Wired Celebrates 10 Years That Changed the World

Wired_cover10 years ago Netscape went public and to mark the event Wired magazine is decicating much of its recent issue to the events that shaped the past 10 years of the Internet. I haven't had a chance to look at the latest hard copy version of the magazine - I'll pop in to WH Smith tomorrow - but the Wired website has some interesting snippets and a timeline. Here's a taster:

[1995]
The Whiz Kid - Marc Andreessen: "It's a lot more fun
in retrospect. Startups are stressful, and Netscape was no different.
The funny thing is, back then we thought the horse had already left the
barn. Netscape's ­predecessor, Mosaic, already had 1 million users. We
thought the market might be saturated. Even as late as '95, the Net was
populated by early adopters, defense contractors, techies, and
academics.

Mar: Jerry Yang and David Filo incorporate Yet Another
Hierarchical Officious Oracle (Yahoo!) and raise $2 million in funding
from Sequoia Capital.

[2000]
The Music Swapper - Shawn Fanning:
"This was such a weird time for us. We were living in San Mateo, about a block from the Napster offices. Rolling Stone
had come to photograph. At that point, Napster had already experienced
massive growth, but it didn't seem real. Then the mainstream press came
around, and it was just a whirlwind, total craziness.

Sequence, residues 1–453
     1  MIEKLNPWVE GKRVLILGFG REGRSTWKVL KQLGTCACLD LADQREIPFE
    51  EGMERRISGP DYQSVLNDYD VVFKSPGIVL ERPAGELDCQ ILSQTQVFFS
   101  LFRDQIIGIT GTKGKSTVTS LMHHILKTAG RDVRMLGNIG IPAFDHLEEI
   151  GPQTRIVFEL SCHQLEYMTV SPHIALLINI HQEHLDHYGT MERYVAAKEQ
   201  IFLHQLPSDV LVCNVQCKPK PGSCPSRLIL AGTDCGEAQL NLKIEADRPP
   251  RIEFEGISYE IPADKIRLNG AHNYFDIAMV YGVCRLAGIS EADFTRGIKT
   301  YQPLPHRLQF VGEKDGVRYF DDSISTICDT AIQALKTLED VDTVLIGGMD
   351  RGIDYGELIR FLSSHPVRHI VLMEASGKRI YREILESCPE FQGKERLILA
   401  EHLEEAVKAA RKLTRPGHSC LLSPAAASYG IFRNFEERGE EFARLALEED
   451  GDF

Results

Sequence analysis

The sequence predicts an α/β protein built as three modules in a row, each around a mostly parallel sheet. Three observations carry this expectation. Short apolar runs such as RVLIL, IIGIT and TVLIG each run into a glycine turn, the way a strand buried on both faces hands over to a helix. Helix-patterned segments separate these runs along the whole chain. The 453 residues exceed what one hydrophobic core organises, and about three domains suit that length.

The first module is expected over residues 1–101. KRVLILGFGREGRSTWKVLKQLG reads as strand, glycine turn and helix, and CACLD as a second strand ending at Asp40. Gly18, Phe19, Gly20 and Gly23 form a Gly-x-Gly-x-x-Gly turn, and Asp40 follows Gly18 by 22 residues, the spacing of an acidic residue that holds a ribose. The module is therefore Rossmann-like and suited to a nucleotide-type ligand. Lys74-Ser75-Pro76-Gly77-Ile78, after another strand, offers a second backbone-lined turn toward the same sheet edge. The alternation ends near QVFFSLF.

Dec: Pets.com is the first publicly held dotcom to bite the dust. Woof!

[2002]
The iPod Evangelist - Steve Jobs:
"We'd decided that
the iPod was too big to keep in the Mac universe, which turned out to
be the right decision. A little less than a year after this photo was
taken, we shipped our millionth iPod, which wouldn't have been possible
without the Windows market.

Jan: 544 million people around the globe now use the Internet.

[2003]
The Candidate - Howard Dean:
"Dick Cheney was holding
a $2,000-a-plate fundraising lunch, so we asked Americans all over the country to join me the same day for a lunch in front of their computers. It sparked a huge response, and, amazingly, the online
contributions from that day matched what Cheney made from his
fundraiser. It showed that our campaign, and that of other Democrats,
could remain competitive thanks to a growing base of people donating
small amounts.

Jan: Starbucks offers overpriced Wi-Fi to go with its overpriced coffee.

When you review the past ten years in their entirety, it is quite staggering how the Internet has changed everyone's lives. If I remember rightly, it was around this time (1995) that I first discovered the Internet in some Internet Café in Madrid (that's a plug for my other blog!).

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